Polar gullies erode from carbon dioxide flows

Gullies on Martian slopes form by flowing water, most probably trickles of snowmelt or groundwater. But what about the gullies found in places such as the high latitudes and polar regions where temperatures never rise above the freezing point for water?

GROOVY GULLIES. Bright frost has collected (left) on slopes facing away from the Sun in a southern polar pit (latitude 68.5° south). At center, dark streaks mark where gullies lie in on a dune at 70.3° south. At right is a gully formed experimentally with gas fluidizing dry sand. (Image is Figure S1 from the paper.)

A new paper in Geophysical Research Letters offers flows of carbon dioxide gas as the eroding fluid instead of liquid water.

Yolanda Cedillo-Flores (Universidad Nacional Autonoma de Mexico) and three other planetary scientists propose that CO2 gas could pick up and carry loose sediment (sand and dust-size particles) downslope, eroding small gullies. The CO2 would come from seasonal frost that sublimates (passes from ice crystals directly into a gas) as local spring arrives.

“For polar gully landforms to be initiated by fluidization of CO2, slopes mantled in annual CO2 frosts must be covered by sediment, sand, or dust,” they explain. This can be met only under restricted conditions: “It requires a pole-facing slope (such as a crater wall or dune) to develop a seasonal cover of CO2 frost. Surface winds could then cause sediment to blow in from nearby equator-facing slopes and be deposited on the frosted pole-facing slopes, thus burying the CO2 frost beneath the sediment.”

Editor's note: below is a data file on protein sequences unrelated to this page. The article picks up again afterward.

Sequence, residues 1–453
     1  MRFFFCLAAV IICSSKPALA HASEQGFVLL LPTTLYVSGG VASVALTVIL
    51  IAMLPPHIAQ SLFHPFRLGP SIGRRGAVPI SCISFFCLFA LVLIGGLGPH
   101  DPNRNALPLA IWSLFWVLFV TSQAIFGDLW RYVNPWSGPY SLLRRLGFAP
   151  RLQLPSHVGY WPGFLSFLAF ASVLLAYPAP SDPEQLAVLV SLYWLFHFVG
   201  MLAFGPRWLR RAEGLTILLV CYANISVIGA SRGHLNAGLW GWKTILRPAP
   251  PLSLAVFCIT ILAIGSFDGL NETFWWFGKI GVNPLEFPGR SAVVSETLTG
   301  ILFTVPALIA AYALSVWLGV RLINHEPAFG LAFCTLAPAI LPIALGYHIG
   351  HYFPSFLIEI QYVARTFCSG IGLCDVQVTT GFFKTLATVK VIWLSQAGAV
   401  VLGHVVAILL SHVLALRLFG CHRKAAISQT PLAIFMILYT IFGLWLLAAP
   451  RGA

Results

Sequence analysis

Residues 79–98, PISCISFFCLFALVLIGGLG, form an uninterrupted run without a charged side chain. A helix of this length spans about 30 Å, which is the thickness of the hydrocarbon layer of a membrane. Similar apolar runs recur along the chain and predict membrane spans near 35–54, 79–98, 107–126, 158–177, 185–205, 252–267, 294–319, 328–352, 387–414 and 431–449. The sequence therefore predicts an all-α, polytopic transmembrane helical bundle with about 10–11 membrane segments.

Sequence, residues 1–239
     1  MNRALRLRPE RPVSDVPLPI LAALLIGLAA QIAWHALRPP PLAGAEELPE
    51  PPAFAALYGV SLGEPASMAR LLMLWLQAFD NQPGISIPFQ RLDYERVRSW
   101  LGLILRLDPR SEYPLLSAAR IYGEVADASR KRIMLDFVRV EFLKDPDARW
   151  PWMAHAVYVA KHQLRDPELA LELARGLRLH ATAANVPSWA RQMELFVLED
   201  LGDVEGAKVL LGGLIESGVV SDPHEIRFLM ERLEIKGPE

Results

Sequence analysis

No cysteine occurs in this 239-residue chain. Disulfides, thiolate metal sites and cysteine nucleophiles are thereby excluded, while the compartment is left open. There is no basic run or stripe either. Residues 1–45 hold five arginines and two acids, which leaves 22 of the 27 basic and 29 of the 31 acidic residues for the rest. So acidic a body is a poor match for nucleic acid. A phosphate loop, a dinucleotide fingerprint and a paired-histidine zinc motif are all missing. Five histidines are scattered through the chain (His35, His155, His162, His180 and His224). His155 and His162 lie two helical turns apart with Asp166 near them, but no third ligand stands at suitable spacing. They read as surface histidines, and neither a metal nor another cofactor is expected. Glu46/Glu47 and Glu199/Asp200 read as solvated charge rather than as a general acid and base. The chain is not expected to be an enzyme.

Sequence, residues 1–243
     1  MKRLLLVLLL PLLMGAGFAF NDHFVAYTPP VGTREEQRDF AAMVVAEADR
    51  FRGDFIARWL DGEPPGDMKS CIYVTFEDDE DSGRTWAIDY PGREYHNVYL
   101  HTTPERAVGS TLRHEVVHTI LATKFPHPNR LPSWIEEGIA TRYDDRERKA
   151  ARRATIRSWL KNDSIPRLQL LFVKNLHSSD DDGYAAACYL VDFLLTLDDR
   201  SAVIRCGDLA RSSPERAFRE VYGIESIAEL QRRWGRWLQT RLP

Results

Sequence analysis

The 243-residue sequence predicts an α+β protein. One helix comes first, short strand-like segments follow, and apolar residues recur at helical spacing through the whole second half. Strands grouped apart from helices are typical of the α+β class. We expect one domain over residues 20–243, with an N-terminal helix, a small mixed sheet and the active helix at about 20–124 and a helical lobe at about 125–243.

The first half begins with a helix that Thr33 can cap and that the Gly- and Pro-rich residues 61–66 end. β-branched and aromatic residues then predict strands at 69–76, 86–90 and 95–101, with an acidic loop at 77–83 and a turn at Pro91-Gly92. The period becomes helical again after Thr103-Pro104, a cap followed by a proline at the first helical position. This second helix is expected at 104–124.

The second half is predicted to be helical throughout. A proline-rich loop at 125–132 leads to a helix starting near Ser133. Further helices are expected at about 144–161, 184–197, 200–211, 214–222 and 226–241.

At that point, the stage is set. When the Sun starts shining on the slopes early in local spring, solar heat is absorbed by the sediments and conducted into the underlying CO2 frost. This sublimates in response. And if gas velocities in sublimation become high enough, the overlying sediment can be fluidized and flow downhill, starting the erosion of a gully.

The scientists caution that gullies in polar and temperate latitudes show similar ranges of sizes and shapes, consistent with formation by a common mechanism. However, they note, “Similar gully morphologies can also arise in liquid-rich flows which suggests that gullies can be initiated by multiple processes — and that, once begun, the flow process in gully-forming avalanches is independent of how the flow was initiated.”

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